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Handbooks and Reference Resources
Handbook of Conducting by
Call Number: MT85.S33 L42 1978
Publication Date: 1978-05-21
Herman Scherchen (1891-1966), the distinguished German conductor, was largely self-taught in music. He played the viola in the Berlin Philharmonic (1907-10) and in 1918 founded the Neue Musikgesellschaft in Berlin. He was an ardent champion of twentieth-century music, especially that ofSchoenberg, with whom he toured. From 1928 to 1933 he was in charge of music for the Konigsberg Radio and in 1933 settled in Switzerland and led for six years the Zurich Radio Orchestra. A number of Scherchen's classic recordings from the 1950s and early 1960s are again available, now on compactdisc. Handbook of Conducting offers an admirably full and clear analysis of the techniques of conducting. First published in 1933, it is still of immense value to all students of conducting. It will be of interest as well to all musicians and anyone who listens to orchestral music.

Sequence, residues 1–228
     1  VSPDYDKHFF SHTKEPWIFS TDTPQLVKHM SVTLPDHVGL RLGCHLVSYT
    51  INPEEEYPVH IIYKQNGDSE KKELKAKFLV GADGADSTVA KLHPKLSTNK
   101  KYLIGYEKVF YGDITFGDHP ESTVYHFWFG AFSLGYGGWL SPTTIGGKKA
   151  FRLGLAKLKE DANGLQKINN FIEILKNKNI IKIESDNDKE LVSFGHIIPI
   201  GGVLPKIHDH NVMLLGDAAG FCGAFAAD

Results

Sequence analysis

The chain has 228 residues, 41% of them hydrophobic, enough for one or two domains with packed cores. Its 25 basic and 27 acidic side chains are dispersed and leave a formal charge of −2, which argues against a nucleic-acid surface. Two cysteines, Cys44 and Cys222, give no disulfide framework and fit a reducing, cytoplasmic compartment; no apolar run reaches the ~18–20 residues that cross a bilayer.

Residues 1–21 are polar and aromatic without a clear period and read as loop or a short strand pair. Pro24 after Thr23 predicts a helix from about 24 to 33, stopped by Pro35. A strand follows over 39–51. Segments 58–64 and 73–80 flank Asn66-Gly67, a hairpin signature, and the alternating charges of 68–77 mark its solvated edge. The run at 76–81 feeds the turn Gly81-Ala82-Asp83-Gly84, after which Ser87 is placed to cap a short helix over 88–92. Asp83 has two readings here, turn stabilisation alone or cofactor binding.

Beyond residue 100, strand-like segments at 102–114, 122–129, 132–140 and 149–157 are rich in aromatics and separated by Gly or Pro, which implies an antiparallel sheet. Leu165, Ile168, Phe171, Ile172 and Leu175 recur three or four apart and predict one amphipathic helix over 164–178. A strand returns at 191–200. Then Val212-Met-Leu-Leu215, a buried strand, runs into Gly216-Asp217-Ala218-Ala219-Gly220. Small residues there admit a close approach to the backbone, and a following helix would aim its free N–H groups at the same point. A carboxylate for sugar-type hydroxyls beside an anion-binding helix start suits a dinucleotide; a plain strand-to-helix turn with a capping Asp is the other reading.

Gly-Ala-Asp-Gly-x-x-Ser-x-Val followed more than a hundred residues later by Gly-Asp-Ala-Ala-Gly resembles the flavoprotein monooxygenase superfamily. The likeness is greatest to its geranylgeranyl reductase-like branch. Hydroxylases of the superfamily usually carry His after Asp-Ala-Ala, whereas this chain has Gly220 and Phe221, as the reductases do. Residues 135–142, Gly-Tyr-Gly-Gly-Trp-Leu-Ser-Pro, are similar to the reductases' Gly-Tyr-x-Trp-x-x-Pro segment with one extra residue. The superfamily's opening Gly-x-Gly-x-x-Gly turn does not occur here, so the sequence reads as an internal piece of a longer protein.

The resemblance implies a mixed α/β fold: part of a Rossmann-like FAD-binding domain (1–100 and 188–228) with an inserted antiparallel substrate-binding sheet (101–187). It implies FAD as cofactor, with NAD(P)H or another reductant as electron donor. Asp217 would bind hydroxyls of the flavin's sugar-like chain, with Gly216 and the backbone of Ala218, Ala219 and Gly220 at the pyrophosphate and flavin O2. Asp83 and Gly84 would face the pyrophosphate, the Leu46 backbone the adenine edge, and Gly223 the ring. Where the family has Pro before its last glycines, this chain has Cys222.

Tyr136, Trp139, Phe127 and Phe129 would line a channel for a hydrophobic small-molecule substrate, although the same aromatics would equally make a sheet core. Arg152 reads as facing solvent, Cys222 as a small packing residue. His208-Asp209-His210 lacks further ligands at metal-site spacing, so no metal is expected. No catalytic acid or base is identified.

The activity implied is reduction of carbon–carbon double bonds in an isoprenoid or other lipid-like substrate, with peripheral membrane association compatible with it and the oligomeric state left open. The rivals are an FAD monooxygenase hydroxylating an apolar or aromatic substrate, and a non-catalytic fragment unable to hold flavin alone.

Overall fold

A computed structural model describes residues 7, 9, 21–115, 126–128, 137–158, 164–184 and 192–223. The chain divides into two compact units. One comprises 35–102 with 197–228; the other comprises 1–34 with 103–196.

Manuals and Guides
The Score, the Orchestra, and the Conductor by
Call Number: EBook
Publication Date: 2009-08-26
Conducting instructor Gustav Meier presents his practical approach to preparing an orchestral score for rehearsal and performance. Well-illustrated with numerous music examples, charts, figures, and tables, Meier's methods, grounded in the rich body of his collected experience as a music director and teacher of conducting students, are explained in great detail. Meier covers all aspects of conducting from experimenting without the orchestra to creating signals that produce the desired sound. The methods he describes offer specific and readily applicable advice for virtually every musical and technical decision that occurs in the important phase between when a conductor first decides upon a specific score and the first rehearsal with an orchestra. And from ear training to working with musicians to programming, he also offers his expertise on the day-to-day aspects of conducting and musical performance.
The Art of Conducting Technique by
Call Number: E-Book
Publication Date: 1997-01-01
A fresh, original look at the art of conducting, including Pattern Cubes, which is a three-dimensional system for charting baton movement. Through this book, both the aspiring and the experienced conductor will benefit from Harold Farberman's experience and ideas.
Guides to the Literature
Conducting Concerti by
Call Number: E-Book
Publication Date: 2014-08-08